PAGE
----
Wife's Hubby: “Something Happened to Her Brain”

Husband claims medical illness, not vodka, is behind the crash

The husband of the Long Island mom who killed eight people, including herself, after driving drunk and high the wrong way on the Taconic Parkway says she was "absolutely not" an alcoholic and he is convinced a medical condition was behind the fiery crash.

Speaking publicly today for the first time since the incident, Daniel Schuler said he does not believe that his wife Diane Schuler was in good health at the time of her death -- the vodka and marijuana coursing through her veins notwithstanding.

Daniel blamed diabetes, a tooth abscess or even a stroke for the wild ride that ended up destroying three families. 

At a press conference, Daniel Schuler and his lawyer Dominic Barbara added that Diane also had a "lump" on her leg that was "moving."

Schuler repeatedly expressed disbelief at the toxicology report released this week that found Schuler's blood alcohol level was twice the legal limit and that she had recently smoked marijuana.  He also said the couple had a happy marriage and that his wife was not in any way depressed or suicidal.

"I go to bed every night knowing that she is not an alcoholic," Daniel Schuler said.  "Something medically happened to her."

In fact, Schuler said he had never seen his wife drunk. 

Schuler's lawyer suggested that Diane had a mouth abscess that could have turned into a "brain infection."  Both Daniel Schuler and his lawyer repeatedly said they believe a stroke or diabetes could also be behind the crash -- but they declined to answer why medical reports did not find that Schuler had suffered from either affliction. 

The lawyer also refused to take any questions regarding her marijuana use, noting that Schuler is a public safety officer for Nassau County.

"Something had to happen, this is not a woman who would jeopardize five children," said Barbara. "Something happened to her brain."

Schuler's family is considering an independent autopsy to dispute the findings of the original toxicology report.

Westchester authorities have said that Diane Schuler's blood alcohol level was twice the legal limit and she had smoked marijuana just before colliding head on with an SUV occupied by Guy Bastardi, 49, his 81-year-old father Michael and their 74-year-old friend Daniel Longo.  All three men died, as well as Schuler, her 2-year-old daughter and three nieces aged 8, 7 and 5. The Schuler's 5-year-old son survived.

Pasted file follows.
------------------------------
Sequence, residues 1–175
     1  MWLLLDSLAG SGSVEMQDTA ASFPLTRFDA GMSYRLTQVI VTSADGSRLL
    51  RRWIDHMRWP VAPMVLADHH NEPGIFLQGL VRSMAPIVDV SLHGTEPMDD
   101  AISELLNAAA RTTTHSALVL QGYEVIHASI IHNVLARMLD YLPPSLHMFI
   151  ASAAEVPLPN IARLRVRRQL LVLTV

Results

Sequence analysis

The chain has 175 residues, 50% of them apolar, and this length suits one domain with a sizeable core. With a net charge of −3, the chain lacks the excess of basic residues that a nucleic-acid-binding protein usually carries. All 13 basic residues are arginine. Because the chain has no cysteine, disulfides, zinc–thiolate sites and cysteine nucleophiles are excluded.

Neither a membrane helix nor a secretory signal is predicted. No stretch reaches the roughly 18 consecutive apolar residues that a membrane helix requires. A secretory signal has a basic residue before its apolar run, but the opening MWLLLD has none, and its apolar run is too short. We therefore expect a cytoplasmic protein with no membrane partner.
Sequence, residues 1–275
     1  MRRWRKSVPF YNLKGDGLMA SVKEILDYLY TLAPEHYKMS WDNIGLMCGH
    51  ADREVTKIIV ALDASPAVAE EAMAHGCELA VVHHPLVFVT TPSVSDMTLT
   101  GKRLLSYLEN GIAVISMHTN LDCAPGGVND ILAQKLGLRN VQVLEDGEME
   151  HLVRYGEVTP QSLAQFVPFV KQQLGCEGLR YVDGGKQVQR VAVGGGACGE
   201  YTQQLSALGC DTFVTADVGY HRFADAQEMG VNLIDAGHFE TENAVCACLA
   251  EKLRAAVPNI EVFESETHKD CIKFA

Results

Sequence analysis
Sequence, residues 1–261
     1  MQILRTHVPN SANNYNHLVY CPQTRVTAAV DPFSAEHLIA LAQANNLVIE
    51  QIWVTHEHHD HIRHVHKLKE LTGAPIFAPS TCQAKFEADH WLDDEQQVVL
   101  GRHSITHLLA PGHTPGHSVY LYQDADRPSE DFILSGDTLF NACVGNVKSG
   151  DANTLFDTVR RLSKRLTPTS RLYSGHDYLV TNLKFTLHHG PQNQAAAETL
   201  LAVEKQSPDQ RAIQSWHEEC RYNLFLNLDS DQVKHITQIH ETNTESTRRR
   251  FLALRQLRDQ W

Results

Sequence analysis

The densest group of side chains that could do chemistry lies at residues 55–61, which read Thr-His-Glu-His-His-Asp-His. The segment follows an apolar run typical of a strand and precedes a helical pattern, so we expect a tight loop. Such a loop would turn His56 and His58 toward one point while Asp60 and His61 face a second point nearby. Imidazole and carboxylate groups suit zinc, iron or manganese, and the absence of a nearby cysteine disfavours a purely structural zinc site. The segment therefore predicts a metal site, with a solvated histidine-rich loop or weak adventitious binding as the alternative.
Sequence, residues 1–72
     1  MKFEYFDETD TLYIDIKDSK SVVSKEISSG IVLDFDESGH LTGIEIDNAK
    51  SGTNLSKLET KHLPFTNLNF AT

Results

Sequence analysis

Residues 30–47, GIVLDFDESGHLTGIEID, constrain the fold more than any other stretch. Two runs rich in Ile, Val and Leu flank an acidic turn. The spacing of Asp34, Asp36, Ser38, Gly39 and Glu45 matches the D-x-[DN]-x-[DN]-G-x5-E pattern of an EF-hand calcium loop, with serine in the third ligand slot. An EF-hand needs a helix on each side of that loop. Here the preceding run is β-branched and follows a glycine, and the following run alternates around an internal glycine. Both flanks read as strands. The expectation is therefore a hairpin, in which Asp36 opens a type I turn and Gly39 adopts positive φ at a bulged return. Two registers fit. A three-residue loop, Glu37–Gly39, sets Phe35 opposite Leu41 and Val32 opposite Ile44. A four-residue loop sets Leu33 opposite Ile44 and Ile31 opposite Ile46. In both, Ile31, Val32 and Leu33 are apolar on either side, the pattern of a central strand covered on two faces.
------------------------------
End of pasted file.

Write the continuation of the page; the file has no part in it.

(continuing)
Daniel Schuler said he has been spending night and day at his son's bedside and that the child is improving.  Breaking into sobs over the death of his daughter, Schuler said "my little girl.  She's gone."

Meanwhile the New York Post found a "drinking buddy" of Diane Schuler's who said she routinely went to the bar and complained about her "failing marriage and stressful job."

"Her marriage seemed a bit rocky, and I think she felt trapped by it," said the buddy, who only gave her name as Sheila. "For the last couple of months, she didn't appear to be a happy woman."

Daniel Schuler told investigators that everything seemed fine  when he and his wife left the Sullivan County campground, state police said. He went on a fishing trip while his wife headed home  with the children.

At the press conference Schuler described his wife as a. "perfect wife and an outstanding mother."  He also said he never met any Sheila.

Police said no criminal charges are planned, although relatives  of three Yonkers men who died consulted with Westchester County prosecutors Wednesday.

A lawyer for the Bastardi family said he wanted to find out whether Schuler's family members or others was aware that  she had been drinking before the crash, and he suggested criminal  charges were possible against anyone who knew about her condition.

The attorney, Irving Anolik, told reporters after meeting with the district attorney he detected "a strong fragrance of criminality'' in the case.

The relatives likely will pursue a civil case, another family  lawyer said Thursday.

"There's a lot of questions that need to be answered, but we don't know if they'll ever be answered'' because of the driver's death, said the attorney, Marshall A. Neimark. "We'll never be  able to get into the mindset of her ... and I think that's the most difficult thing for the families of the victims."

NBC's Today show on Friday morning interviewed Daniel Schuler's lawyer and sister in law:

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